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The last accidental Nobel worthy discovery we looked at was the Cosmic Microwave Background Radiation. Today we’ll look at one with a far more practical use: X-Rays

Wilhelm Röntgen was awarded the first ever Nobel prize for physics in 1901 for his discovery of X-rays.

X-rays had been observed before by several scientists but Röntgen was the first to investigate them in depth and to realise how they could be used in medicine.

Röntgen had been studying electron beams in a vacuum tube when he noticed something strange: when the electron beam was switched on, a fluorescent screen one metre away would glow, even though the tube was shielded in opaque cardboard.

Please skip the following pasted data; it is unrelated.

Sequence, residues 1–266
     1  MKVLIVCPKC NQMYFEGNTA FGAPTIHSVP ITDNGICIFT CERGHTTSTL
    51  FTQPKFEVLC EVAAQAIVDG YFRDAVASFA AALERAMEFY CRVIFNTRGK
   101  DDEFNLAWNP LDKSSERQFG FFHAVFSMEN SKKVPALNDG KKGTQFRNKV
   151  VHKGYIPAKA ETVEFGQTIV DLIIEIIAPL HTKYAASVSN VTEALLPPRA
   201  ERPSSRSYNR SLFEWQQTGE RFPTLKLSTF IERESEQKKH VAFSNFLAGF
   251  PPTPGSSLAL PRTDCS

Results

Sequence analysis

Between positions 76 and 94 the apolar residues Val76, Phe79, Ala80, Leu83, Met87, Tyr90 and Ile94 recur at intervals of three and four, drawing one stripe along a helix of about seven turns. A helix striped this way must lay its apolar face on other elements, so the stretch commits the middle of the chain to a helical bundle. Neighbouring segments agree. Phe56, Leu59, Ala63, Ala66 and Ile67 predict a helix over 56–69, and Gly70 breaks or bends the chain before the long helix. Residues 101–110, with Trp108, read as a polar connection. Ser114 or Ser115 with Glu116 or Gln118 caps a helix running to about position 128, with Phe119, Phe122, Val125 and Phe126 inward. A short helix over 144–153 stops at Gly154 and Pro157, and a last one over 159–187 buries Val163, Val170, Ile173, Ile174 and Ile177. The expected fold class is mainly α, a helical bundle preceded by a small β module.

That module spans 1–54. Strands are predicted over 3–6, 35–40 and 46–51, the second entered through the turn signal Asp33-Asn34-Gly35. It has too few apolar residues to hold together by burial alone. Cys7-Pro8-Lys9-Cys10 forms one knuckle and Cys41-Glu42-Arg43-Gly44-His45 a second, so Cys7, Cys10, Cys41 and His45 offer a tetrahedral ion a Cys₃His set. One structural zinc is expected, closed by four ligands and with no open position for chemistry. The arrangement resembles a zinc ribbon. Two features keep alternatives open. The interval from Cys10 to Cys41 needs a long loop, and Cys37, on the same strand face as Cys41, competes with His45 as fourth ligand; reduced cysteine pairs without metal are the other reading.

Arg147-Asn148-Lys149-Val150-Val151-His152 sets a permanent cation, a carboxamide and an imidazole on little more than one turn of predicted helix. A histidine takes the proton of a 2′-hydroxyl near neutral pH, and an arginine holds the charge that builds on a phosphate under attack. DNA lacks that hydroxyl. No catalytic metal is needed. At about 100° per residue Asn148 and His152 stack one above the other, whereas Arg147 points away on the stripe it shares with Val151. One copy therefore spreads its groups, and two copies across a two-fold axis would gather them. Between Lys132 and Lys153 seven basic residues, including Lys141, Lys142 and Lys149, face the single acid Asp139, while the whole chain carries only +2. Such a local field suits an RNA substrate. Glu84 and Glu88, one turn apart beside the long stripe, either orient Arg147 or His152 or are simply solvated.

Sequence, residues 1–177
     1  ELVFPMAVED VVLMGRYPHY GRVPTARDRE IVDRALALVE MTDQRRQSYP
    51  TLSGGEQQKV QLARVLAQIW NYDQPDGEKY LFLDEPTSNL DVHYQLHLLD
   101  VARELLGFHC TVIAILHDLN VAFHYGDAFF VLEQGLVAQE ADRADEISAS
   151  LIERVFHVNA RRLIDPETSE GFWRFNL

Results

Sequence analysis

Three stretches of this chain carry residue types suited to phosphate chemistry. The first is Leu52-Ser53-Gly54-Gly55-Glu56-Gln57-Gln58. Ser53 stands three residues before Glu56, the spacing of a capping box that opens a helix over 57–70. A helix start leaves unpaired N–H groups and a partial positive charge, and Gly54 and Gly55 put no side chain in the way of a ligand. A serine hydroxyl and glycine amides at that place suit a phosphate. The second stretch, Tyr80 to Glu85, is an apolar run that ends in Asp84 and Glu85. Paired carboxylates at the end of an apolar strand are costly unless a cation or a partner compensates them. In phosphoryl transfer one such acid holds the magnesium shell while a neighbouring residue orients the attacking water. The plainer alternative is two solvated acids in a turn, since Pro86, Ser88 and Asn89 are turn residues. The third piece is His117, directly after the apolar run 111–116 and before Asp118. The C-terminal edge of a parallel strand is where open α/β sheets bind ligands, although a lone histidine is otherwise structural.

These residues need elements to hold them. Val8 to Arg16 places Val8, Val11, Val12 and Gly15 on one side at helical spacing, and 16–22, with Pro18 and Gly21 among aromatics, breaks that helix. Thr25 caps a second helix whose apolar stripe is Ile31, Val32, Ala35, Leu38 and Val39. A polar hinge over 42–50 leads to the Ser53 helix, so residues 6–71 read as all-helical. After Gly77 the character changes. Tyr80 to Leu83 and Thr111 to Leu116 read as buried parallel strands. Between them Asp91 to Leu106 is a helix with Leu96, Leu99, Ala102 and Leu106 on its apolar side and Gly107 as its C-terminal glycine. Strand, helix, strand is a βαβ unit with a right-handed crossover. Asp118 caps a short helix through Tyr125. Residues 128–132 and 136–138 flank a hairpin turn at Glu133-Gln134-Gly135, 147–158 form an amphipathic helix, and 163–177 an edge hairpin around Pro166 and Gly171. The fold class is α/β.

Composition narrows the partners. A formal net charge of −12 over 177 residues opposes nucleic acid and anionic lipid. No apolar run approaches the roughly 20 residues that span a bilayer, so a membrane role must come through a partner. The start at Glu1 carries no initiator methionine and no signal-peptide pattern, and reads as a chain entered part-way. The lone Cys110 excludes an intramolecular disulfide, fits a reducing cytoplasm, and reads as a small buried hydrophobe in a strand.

Realising that he was witnessing an invisible form of radiation that could travel through cardboard, he conducted further experiments, temporarily naming the phenomenon ‘X-rays’.

Röntgen became so obsessed with understanding these mysterious rays he moved a bed into his laboratory. His sacrifice paid off when he discovered the two key features of X-rays: they turn photographic plates black and they are stopped by thick or dense materials. Armed with this knowledge he exposed his wife’s hand to X-rays and simultaneously produced the first image of the bones inside the human body and revolutionised medicine.

Although Röntgen’s temporary name ‘ X-rays’ stuck in English-speaking countries, both the Dutch (with Röntgenfoto) and the Germans  (with Röntgenstrahlen) recognise Röntgen’s pioneering efforts.  And he’s also been honoured with an element named after him – Roentgenium.

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